20. The Farewell (dir. Lulu Wang, 2019)

© A24

Lulu Wang delivers one of 2019’s best films in this Chinese-American production starring an impressive Awkwafina, and based on true events. Beautifully moving in its exploration of family and loss, The Farewell is above all a fascinating study of East-West culture clashes and of the immigrant experience. (LP)

19. Burning (Lee Chang-dong, 2018)

Lee Chang-dong’s take on economic anxiety and toxic masculinity was his most widely seen work to date, returning this novelist-turned-director to worldwide success after an eight-year break from filmmaking. Starring Steven Yeun and Yoo Ah-in, Burning is one of the slowest burns of the decade, but leads to an inevitable conclusion that highlights one of the biggest issues facing this decade’s youth. (DCB)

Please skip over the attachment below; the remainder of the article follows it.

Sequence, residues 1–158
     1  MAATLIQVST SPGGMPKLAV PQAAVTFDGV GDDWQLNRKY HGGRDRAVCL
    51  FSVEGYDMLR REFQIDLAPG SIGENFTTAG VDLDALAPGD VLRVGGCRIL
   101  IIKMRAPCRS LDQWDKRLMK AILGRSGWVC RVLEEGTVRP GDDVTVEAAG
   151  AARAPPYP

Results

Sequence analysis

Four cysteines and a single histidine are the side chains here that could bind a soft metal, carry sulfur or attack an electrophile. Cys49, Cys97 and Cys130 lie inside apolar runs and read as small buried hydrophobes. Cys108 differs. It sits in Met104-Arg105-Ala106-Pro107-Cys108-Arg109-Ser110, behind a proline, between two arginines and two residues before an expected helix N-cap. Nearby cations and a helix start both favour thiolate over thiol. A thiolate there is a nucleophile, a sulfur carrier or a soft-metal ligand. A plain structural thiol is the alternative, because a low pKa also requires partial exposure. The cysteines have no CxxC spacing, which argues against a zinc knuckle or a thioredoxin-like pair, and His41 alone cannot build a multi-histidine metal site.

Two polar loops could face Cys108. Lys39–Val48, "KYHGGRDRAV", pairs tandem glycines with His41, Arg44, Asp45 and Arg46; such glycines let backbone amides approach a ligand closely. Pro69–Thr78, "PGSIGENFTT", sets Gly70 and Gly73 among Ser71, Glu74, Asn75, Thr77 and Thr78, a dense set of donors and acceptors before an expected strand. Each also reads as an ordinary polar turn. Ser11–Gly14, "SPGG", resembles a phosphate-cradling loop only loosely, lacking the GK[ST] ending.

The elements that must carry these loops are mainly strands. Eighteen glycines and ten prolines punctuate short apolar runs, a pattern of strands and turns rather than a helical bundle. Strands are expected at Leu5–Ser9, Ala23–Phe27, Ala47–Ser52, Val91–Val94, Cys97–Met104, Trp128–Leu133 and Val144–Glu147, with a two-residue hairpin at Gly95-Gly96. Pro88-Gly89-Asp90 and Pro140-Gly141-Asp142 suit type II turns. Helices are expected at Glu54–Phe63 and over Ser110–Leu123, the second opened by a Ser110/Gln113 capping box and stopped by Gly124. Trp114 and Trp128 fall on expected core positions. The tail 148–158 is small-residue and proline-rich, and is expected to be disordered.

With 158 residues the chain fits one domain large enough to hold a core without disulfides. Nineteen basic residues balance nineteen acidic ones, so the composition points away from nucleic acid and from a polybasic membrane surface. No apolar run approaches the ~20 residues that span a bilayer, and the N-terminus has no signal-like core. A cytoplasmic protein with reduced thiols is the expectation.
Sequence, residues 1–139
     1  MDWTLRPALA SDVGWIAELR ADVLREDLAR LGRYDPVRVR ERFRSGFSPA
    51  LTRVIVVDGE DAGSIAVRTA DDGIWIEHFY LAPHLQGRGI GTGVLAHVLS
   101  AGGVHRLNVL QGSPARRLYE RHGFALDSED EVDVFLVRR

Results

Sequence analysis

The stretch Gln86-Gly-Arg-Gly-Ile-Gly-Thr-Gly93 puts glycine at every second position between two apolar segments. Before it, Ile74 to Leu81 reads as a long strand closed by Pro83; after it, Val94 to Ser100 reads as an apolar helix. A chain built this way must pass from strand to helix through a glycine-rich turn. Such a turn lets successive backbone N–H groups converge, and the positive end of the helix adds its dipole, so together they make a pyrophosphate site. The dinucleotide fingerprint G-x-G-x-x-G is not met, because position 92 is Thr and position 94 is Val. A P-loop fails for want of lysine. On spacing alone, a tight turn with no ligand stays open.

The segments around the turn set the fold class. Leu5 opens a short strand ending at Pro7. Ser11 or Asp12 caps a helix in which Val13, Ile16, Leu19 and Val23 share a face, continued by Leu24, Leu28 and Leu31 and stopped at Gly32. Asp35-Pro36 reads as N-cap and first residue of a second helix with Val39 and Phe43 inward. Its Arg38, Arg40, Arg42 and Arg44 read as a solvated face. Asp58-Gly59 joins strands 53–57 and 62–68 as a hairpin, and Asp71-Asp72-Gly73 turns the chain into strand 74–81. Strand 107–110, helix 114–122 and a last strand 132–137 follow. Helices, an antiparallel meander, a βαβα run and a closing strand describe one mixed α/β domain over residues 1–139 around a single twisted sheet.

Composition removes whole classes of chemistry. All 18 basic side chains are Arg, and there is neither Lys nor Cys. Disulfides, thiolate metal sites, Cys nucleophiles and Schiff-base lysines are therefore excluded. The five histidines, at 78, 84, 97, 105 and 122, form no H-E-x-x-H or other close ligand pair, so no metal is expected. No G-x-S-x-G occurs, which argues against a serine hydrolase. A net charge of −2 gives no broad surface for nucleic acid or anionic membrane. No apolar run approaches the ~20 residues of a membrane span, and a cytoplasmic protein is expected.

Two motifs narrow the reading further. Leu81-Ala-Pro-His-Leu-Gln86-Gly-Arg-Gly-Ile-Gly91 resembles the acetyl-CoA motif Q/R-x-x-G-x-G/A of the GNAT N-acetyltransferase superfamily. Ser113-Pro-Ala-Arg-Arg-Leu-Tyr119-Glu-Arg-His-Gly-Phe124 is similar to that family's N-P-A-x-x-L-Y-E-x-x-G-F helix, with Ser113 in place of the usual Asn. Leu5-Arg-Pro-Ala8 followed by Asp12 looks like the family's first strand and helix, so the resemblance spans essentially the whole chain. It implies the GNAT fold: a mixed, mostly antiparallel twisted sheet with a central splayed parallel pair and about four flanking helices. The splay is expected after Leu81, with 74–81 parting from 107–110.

18. Nightcrawler (dir. Dan Gilroy, 2014)

Jake Gyllenhaal gives a hauntingly memorable performance as a sociopathic opportunist that engages in some very unethical journalism. Dan Gilroy serves up a sharp skewering of the media’s violent appetite dressed up as a dark rags-to-riches story. It’s wonderful. (SZ)

17. 120 BPM (dir. Robin Campillo, 2017)

A film that will have your heart hammering in your chest, 120 BPM follows ACT UP protesters in Paris in the 1990s, demanding governments and pharmaceutical companies combat the AIDS epidemic. A tender love story beats at the centre of this fiercely angry, essential film. (SR)

16. Shoplifters (dir. Hirokazu Kore-eda, 2018)

Shoplifters is a devastatingly beautiful film, a cinematic embodiment of the phrase “the rose that grew from concrete”. Living in the poverty-stricken fringes of a Japanese city, Shoplifters is a fine blend of a family comedy and a crime thriller, exposing a harsh reality that isn’t always tragic despite its circumstances, exhibiting intimacy and tenderness in a dog-eat-dog world. Writer-director Hirokazu Koreeda infuses subtle compassion in each line and frame, affirming his film as one of the decade’s best. (AM)